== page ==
adventurepants_ wrote:its more about the internals than the case. if a logic board fails, and the laptop gets sent away, they will probably replace the logic board with either a new one, or one thats been returned with a minor error and repaired. your logic board will then get assessed if its worth reparing, and if it is will probably end up in someone elses machine. same thing happens with batteries, drives etc.
That sounds a little wrong to me. Anytime I've experienced a broken product, they've taken the whole product and replaced it with a brand new one. Said old product then goes into the pile of "may be able to fix and sell at a reduced price" pile.

But I've never been aware of them replacing COMPONENTS and putting the components in a pile. That wouldn't make much sense. What if they had twelve hard drives, two cases, and one mainboard. They're gonna lose profit on all of that.

Nah.. a lot more likely they'd just replace the entire thing. Then if the old one can be salvaged, they'll still make money on it.

adventurepants_
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Post by adventurepants_ » Mon Mar 24, 2008 3:34 am

Amberience wrote:
adventurepants_ wrote:its more about the internals than the case. if a logic board fails, and the laptop gets sent away, they will probably replace the logic board with either a new one, or one thats been returned with a minor error and repaired. your logic board will then get assessed if its worth reparing, and if it is will probably end up in someone elses machine. same thing happens with batteries, drives etc.
That sounds a little wrong to me. Anytime I've experienced a broken product, they've taken the whole product and replaced it with a brand new one. Said old product then goes into the pile of "may be able to fix and sell at a reduced price" pile.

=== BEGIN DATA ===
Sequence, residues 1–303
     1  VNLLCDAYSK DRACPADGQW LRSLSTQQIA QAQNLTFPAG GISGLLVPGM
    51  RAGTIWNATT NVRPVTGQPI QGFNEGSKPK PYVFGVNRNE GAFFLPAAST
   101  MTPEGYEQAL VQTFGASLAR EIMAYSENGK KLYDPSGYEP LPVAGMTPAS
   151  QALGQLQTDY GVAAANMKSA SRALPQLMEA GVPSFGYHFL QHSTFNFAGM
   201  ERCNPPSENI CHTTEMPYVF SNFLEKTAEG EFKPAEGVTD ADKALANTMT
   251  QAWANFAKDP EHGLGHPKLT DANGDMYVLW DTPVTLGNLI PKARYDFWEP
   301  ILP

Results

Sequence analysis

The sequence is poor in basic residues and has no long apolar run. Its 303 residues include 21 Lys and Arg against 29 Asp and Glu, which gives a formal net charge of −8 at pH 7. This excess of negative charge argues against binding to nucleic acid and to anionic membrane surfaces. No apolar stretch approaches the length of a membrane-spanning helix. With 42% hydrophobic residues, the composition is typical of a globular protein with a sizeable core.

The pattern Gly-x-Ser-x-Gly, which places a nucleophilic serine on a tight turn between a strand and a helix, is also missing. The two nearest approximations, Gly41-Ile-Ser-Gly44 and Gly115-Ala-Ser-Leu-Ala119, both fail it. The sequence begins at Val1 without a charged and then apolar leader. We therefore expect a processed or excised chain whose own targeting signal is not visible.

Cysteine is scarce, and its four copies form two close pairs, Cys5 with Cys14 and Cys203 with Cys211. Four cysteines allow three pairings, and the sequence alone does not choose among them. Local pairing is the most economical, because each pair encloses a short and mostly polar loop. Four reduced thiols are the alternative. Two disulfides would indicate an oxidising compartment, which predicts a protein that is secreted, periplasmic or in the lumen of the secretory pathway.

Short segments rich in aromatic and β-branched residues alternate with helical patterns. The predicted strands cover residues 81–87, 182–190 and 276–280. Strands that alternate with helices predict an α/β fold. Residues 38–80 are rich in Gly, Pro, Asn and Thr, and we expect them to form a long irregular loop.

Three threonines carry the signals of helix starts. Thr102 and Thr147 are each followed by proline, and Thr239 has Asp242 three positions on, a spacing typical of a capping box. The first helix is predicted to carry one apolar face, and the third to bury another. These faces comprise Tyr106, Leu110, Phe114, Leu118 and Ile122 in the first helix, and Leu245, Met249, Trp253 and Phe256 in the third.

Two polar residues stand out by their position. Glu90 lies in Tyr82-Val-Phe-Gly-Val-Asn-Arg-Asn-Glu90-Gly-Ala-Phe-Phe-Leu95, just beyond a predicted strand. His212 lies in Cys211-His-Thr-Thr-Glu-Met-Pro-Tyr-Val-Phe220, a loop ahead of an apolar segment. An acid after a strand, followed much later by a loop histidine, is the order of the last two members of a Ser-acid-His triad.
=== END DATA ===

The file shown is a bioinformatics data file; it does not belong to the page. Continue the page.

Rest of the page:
But I've never been aware of them replacing COMPONENTS and putting the components in a pile. That wouldn't make much sense. What if they had twelve hard drives, two cases, and one mainboard. They're gonna lose profit on all of that.

Nah.. a lot more likely they'd just replace the entire thing. Then if the old one can be salvaged, they'll still make money on it.
it honestly depends on the part. if its a bit on the logic board that is cheaper to get someone to resolder, than it is to write off the whole cost of the logic board, then thats what theyll do. those parts that are then considered 'good as new' can be put into some warranty jobs. anyone whos ever worked at a name brand computer reseller can tell you many worse stories.

philipc
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Post by philipc » Mon Mar 24, 2008 12:22 pm

If its a refurb it'll say so on the sticker inside the battery compartment. At least it does on my refurb Macbook.

kabuki
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Post by kabuki » Mon Mar 24, 2008 3:26 pm

I had an issue with an iBook a long time ago. The Logoc Board died. They replaced it. It dies again the day I got it back. They replaced it and the Power supply. It fixed the problem, Apple paid for all the shipping and even rushed everything through... I was only without my rig for 1 week.

The likelyhood of them sending you a refurb is unlikely. Keep track of your serial number. Your warranty is tied to it and changing it will change your warranty with it.

Generally, a refurb will have an old logic board, case structure, dvd drive, keyboard and screen. The outside case, battery, and HD (most times) will be replaced new.

Good luck
15" PB 2.5 Ghz, 4 Gig RAM, 750 GB HD, Live 9 still no cue points or program change messages?!?. Doesn't do shit.

thelike5
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Post by thelike5 » Mon Mar 24, 2008 6:18 pm

Stop wasting your time.... simply repackage the notebook, and take it back to the store.